Muslim Cool makes key interventions in several fields including anthropology, hip hop studies, and Islamic studies. Perhaps Su’ad Abdul Khabeer’s most important contribution is to Islamic studies by centering Black U.S. Americans in the study of Islam. She joins a growing area of scholarship that focuses on interracial dialogue and tensions within the ummah among Black Muslims on one side and Arab and South Asian on the other side, including Sherman Jackson, Jamillah Karim, and Sylvia Chan-Malik. Abdul Khabeer pushes beyond the indigenous Islam/immigrant Islam framework that was appropriated by Black Muslims in the 1960s and has come to dominate the study of Islam in the United States by exploring the complex histories and lived experiences of Muslims across time and space.

There are two areas I wished Abdul Khabeer would have explored in greater detail: sexuality and competing definitions of Blackness among people of African descent. Abdul Khabeer made an important contribution to the study of Muslim masculinity in her discussion of Muslim dandies in Chapter Four, but she missed an important opportunity to explore Muslim sexuality. Abdul Khabeer alludes to tensions around definitions of masculinity and sexuality when she describes how Muslims dandies are often criticized for paying too much attention to their appearance. She notes it is common for dandies to be called “bint,” which is the African-American vernacular Arabic equivalent of “female.” However, she links this to class differentials, with lower-class men scoffing at the idea of spending large amounts of money and time on performing the dandy aesthetic, foreclosing the possibility of Blackness, queerness, and Muslim-ness intersecting.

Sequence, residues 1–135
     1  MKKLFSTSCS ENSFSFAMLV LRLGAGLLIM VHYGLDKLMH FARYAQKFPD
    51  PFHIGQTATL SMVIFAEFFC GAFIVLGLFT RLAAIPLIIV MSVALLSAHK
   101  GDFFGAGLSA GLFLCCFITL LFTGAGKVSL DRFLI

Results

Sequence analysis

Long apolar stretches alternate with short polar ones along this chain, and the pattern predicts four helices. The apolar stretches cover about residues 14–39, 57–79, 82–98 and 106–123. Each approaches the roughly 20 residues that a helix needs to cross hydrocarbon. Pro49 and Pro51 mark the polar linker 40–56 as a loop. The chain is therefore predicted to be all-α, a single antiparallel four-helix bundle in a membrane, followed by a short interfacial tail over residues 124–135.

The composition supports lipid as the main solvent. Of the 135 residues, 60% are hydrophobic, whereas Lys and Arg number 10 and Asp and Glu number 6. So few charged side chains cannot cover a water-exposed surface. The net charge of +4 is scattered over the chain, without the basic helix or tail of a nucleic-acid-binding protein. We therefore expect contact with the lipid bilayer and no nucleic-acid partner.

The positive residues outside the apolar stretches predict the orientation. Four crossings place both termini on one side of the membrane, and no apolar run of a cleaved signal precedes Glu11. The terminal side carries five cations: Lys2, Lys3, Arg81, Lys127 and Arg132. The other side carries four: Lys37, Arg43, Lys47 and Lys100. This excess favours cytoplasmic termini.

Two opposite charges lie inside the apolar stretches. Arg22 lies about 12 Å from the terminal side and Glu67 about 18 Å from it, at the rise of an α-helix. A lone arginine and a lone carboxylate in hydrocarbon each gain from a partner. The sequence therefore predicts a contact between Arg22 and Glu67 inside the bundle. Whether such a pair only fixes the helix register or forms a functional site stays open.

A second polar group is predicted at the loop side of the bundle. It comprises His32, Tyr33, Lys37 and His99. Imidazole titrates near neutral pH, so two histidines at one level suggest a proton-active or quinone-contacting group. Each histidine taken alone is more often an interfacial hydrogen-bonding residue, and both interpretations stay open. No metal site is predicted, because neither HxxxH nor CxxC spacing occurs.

Abdul Khabeer’s argument would have also been strengthened by exploring how different people of African descent construct and negotiate definitions of Blackness. While she includes Afro-Latinx voices in her manuscript, like in the introductory vignette of Esperanza who explains she didn’t grow up eating macaroni and cheese, she does not fully flesh out how even among Black people, the boundaries of Blackness are constantly contested and negotiated inter-ethnically. Abdul Khabeer explains that notions of Blackness in Chicago are rooted in the U.S. South; it would have been interesting to see how newer Black migrants from the Caribbean and the African continent are shifting definitions of Blackness.

These two critiques do not take away from Su’ad Abdul Khabeer’s innovative and well-rounded book. This intellectually rigorous, yet accessible book would find an engaged audience among undergraduate and graduate students, as well as general knowledge-seekers.


By Kayla Renée Wheeler
Grand Valley State University